St Pancras station — London's cathedral of the rails — turns 150 years old today.
Its one-and-a-half-century anniversary is marked with a towering six-foot birthday cake, created by Parisian cookery school Le Cordon Bleu — the icing depicting key moments in the station's rich history.
It was on 1 October at 4.20am, that the William Barlow-designed railway shed welcomed its first train — the 10.05pm overnight mail from Leeds.
Yet in the early days of St Pancras, people weren't the main commodity being transported on the trains — it was beer. Burton-upon-Trent brewery Bass used the bowels of the station — today converted into boutique shops — as the main London storage facility for its beer, as did a number of other breweries.
Milk — delivered to St Pancras from farms in the Peak District some 150 miles away — was another early liquid money spinner.
In 1874, the Midland Railway operated the UK's first luxury rail service, known as the Pullman train. And by 1902, 150 trains were running to and from St Pancras daily — with passengers travelling to destinations including Nottingham, Sheffield, Manchester, Carlisle, Great Yarmouth, Norwich and Lowestoft.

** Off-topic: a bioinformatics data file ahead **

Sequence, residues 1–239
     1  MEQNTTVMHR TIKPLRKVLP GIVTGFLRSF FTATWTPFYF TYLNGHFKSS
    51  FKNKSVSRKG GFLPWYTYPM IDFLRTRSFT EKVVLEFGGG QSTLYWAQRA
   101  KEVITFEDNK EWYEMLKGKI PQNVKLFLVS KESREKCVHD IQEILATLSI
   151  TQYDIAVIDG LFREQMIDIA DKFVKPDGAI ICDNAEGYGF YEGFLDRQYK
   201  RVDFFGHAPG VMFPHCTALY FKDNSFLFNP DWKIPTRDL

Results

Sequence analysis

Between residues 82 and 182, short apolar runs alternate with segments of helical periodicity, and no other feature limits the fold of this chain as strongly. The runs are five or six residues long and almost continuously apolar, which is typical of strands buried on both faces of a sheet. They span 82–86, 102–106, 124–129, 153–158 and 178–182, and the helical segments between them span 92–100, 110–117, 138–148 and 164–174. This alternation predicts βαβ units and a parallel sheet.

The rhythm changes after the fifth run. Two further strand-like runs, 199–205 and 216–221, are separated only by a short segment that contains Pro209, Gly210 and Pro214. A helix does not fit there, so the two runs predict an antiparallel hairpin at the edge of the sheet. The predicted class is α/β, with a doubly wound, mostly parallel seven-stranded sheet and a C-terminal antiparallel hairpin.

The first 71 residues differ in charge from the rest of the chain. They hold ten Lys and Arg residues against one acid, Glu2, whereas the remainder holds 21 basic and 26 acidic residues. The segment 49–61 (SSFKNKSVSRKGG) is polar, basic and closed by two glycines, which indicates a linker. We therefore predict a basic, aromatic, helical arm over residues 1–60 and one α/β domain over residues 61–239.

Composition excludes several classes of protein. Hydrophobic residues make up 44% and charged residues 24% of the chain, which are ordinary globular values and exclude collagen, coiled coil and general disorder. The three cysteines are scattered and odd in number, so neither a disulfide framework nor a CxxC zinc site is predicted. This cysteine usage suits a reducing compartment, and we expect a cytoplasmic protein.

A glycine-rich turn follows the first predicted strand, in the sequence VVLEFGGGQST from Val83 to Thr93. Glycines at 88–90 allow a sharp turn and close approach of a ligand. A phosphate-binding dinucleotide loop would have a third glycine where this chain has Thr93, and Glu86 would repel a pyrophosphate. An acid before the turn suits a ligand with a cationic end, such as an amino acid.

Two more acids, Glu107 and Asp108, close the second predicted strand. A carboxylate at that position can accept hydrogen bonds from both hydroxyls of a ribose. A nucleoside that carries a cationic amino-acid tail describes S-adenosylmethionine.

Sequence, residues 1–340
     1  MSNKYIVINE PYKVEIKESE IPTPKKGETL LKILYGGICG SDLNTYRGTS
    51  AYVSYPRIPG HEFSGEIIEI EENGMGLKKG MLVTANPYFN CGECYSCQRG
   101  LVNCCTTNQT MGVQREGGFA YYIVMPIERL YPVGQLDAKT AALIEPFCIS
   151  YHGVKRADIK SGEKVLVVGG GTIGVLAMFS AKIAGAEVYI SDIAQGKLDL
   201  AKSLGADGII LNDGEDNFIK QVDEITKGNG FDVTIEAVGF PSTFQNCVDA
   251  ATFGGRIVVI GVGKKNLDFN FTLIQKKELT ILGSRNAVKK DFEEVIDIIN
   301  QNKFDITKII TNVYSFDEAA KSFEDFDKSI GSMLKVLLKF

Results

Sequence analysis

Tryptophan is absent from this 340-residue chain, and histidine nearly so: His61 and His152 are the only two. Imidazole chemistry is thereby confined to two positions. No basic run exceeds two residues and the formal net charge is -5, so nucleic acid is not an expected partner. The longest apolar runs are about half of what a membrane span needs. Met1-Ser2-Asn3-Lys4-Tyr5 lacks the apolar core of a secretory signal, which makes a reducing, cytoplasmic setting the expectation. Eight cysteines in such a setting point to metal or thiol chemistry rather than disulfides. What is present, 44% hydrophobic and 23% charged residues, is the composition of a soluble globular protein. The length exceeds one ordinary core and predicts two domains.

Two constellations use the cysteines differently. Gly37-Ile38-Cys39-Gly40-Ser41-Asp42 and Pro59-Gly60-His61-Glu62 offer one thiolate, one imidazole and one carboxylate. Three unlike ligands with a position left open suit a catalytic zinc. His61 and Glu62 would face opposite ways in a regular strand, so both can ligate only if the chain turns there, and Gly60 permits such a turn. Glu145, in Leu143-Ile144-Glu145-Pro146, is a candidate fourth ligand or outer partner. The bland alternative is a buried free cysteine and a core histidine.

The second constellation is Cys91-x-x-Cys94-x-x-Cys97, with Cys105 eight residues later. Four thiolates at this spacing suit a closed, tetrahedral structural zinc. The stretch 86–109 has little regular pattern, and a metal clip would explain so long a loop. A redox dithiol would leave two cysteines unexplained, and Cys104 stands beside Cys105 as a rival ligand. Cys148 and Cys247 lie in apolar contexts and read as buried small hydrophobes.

All those passengers needed somewhere to stay. George Gilbert Scott's showy Grand Midland Hotel was completed in 1876 — offering the height of luxury to stopover passengers. That was the idea, anyway. The hotel was almost immediately dated — offering just nine baths between 300 rooms [pdf]. It closed in 1935 due to poor profits.
A 500kg bomb damaged the station in 1942, but a larger threat came in 1966 when the British Railways Board proposed demolishing St Pancras altogether. This was a time when rail was in steep decline, as Britons took to cars and roads in their droves. A campaign launched by John Betjeman — who would go on to become poet laureate — eventually led to the station earning Grade I listing, and avoiding the grim fate of its neighbour at Euston.
Betjeman was honoured with a statue on the station concourse (and a pub named after him), when St Pancras reopened in 2007 — following major renovations, and the addition of the Eurostar terminals, shifted from Waterloo. Another statue — Paul Day's The Meeting Place — faced some sharp criticism when unveiled, yet has become an emblem of the romance of the place. Says CityMetric's Jonn Elledge of today's St Pancras as he ranks it the city's finest terminus, "I mean it’s just brilliant isn’t it? The outside is beautiful. The inside is beautiful... Even the roof, for heaven’s sake, is beautiful – the blue of the arches automatically bringing to mind joyful days and cloudless skies."
St Pancras International is now how London greets thousands of international passengers daily, welcoming up to 50 million people a year. And what an awe-inspiring welcome it is.